A Year of Blogging Dangerously

This is the one-year anniversary of my first ever blog post.

As Tamim Ansary wrote a few years back, "At last count (about a year ago) there were some 64 million blogs... I have to wonder: what do these 64 million people do for day jobs?"

Who knows how many blogs there are now? Mark Helprin in Digital Barbarism evokes how much more peaceful it must have been in Edwardian times, when correspondence routinely took weeks to arrive. There's much to be said for having less information to sift through.

But there are also advantages to the practice of formulating and broadcasting a few thoughts during the course of a chaotic week. Can the whole of a blog be more than the sum of its parts? Generally I'm overcome with gratitude that life affords me any time at all to write stories and novels -- blogging feels like a way of giving back. Which I agree makes no sense. But even so... this feels sometimes like a sort of cosmic debt repaid.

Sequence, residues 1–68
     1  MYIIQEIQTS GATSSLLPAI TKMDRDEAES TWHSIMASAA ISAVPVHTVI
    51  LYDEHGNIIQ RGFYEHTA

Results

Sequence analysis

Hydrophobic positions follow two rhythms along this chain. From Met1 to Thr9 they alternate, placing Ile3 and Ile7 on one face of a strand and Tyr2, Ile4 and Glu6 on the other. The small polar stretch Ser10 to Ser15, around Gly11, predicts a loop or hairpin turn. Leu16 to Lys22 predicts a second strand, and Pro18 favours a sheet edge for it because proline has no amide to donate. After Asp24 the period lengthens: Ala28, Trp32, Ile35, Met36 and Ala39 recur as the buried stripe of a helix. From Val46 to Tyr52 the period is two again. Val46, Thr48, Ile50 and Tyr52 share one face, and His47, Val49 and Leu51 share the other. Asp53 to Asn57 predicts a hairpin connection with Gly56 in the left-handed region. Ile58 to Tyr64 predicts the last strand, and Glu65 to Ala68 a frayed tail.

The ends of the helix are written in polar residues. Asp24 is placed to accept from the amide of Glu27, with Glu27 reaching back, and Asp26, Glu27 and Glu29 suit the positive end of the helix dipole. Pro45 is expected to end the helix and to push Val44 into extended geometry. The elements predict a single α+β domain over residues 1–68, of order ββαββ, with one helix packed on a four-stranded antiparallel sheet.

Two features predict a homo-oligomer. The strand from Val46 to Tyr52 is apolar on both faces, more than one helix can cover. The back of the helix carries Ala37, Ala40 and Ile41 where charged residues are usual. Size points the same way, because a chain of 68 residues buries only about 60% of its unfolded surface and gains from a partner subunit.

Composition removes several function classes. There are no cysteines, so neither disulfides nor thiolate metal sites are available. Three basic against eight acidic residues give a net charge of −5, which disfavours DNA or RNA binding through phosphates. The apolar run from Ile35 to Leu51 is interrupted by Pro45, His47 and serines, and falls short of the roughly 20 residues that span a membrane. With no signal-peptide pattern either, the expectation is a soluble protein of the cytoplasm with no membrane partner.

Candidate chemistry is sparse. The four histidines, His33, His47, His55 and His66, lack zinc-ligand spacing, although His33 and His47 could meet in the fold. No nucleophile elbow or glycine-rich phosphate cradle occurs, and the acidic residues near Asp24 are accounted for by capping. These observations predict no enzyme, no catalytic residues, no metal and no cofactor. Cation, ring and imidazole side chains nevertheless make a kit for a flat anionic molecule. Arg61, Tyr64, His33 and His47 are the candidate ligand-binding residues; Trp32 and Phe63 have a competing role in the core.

So happy Saint Patrick's Day, and what are you reading a blog by a limey for anyway? Go read Julian Gough on the state of Irish literature instead. Money quote -- "I must be a real bastard for translators, because increasingly I like to back-engineer scenes so that a crucial line of narrative, thrown up by the action, is also a line of poetry by Yeats, or a line of dialogue is also a line of Joyce, or Kafka, or is made out of Radiohead song titles."

3 thoughts on “A Year of Blogging Dangerously”

  1. If they can translate Joyce they can translate Gough.

    How do you mean a cosmic debt repaid?

  2. Blogging has a ritual/ obsessive-compulsive/ message-in-a-bottle dimension to it that takes a while to get in tune with…

  3. congratulations, James — this is definitely an achievement. do you think that there's a learning curve here? does blogging come easier/takes less time now than it did in the beginning?

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